## Optimization in mixed search domains of continuous, discrete and categorical parameters

Before starting this tutorial we suggest you to read documentation#getstarted which will provide an example of data communication between your client code and Indie Solver.

You should have a registered account to communicate with the solver. If you are a student or a researcher, don't forget to contact us at contact@indiesolver.com after registering your account to upgrade it to the standard subscription plan which is free for academic researchers. It will allow you to deal with more challenging optimization problems.

The source code of this tutorial is available for download and includes two files: IndieSolver.java (our thin wrapper code to communicate with Indie Solver) and Mixed1.java (our code for this tutorial). You will need to include json-simple-1.1.1.jar, an old and simple JSON library.

We consider a simple optimization problem with 4 parameters of different types. One parameter is categorical and thus can take values from a set of possible alternatives, here, x_1 can be "A", "B" or "C" (any other string value can be used). Two other variables, x_2 and x_3 are continuous and constrained to vary in [0, 1] (it makes sense to normalize parameter values but any other range can be used as well). The fourth variable, x_4, is of discrete type and its possible parameter values are not continuous but differ by some user-defined step factor. For instance, by setting this step factor to 1 we make x_4 represent an integer. Optionally, one can tell what initial parameter values are suggested to be considered. The following code defines the search space and the only objective function to be minimized.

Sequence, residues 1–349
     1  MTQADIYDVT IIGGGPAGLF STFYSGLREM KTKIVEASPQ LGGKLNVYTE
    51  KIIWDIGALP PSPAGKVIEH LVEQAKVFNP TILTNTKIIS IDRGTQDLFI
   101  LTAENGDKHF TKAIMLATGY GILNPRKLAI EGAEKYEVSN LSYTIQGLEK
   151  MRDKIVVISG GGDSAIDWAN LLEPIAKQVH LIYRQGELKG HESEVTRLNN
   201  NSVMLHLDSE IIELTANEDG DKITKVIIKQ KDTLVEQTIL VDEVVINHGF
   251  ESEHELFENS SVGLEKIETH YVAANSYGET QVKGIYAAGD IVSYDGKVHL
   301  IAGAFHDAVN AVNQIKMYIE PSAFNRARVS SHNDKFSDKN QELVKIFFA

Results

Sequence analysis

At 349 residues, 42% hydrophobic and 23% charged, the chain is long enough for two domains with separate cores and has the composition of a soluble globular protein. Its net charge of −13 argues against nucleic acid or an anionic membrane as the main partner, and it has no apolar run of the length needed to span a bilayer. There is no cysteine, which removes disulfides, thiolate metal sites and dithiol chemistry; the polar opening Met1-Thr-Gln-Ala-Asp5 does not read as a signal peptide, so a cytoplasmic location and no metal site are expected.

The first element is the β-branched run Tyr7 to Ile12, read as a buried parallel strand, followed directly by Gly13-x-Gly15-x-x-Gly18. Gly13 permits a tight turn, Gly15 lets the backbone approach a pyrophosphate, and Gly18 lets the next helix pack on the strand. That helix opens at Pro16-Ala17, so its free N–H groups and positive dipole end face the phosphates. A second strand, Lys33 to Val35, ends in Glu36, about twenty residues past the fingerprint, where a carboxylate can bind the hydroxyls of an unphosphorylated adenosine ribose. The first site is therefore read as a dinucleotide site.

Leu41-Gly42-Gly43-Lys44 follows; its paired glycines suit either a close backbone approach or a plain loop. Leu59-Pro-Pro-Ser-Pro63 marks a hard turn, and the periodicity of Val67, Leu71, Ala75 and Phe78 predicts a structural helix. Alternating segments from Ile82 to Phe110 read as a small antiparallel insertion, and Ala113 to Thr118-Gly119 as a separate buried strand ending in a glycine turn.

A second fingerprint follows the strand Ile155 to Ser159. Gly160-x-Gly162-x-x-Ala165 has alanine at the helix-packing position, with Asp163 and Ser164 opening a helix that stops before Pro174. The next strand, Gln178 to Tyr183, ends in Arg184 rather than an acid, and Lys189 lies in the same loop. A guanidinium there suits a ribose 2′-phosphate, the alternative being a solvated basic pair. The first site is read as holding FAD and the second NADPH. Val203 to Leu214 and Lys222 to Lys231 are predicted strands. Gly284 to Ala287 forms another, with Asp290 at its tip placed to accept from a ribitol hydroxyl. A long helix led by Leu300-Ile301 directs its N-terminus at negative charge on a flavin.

We formulate our problem as follows

f(x)= (x_4 - 7)^2 + \begin{cases} 0.2 + (x_2 - 0.3456789)^2 & x_1 = "A"\\ 0.1 + (x_2 - 0.3456789)^2 + (x_3 - 0.3456789)^2 & x_1 = "B"\\ (x_2 - 0.456789)^2 + (x_3 - x_2 - 0.234567)^2 & x_1 = "C" \end{cases}

where i) our categorical parameter x_1 has a strong impact on the search space, but ii) optimal values of x_2 are somewhat comparable under different values of x_1, iii) x_3 is active only under certain values of x_1, iv) x_4 is indepedent on x_1 and has a great impact, and v) there is a simple linkage between x_2 and x_3 which makes the problem non-separable. The optimum f(x^*)=0 is at x^*=["C", 0.456789, 0.691356, 7].

Candidate solutions will be evaluated in a function called "evaluate" which implements f(x).

In order to communicate with Indie Solver, you should initialize a worker and tell it to connect to a particular IP address and port while providing your secret authentication token. All this information is available on your profile page . Then, you can create a problem according to your previously defined "problem" object. Note that every time you create a problem with some "problem_name", the server will rewrite all the information available for that "problem_name". Therefore, when you want to continue to optimize an already existing problem, you can ask its description by calling "ask_problem_description" and set it to your worker by calling "set_problem" as shown in the last two commented out lines given below: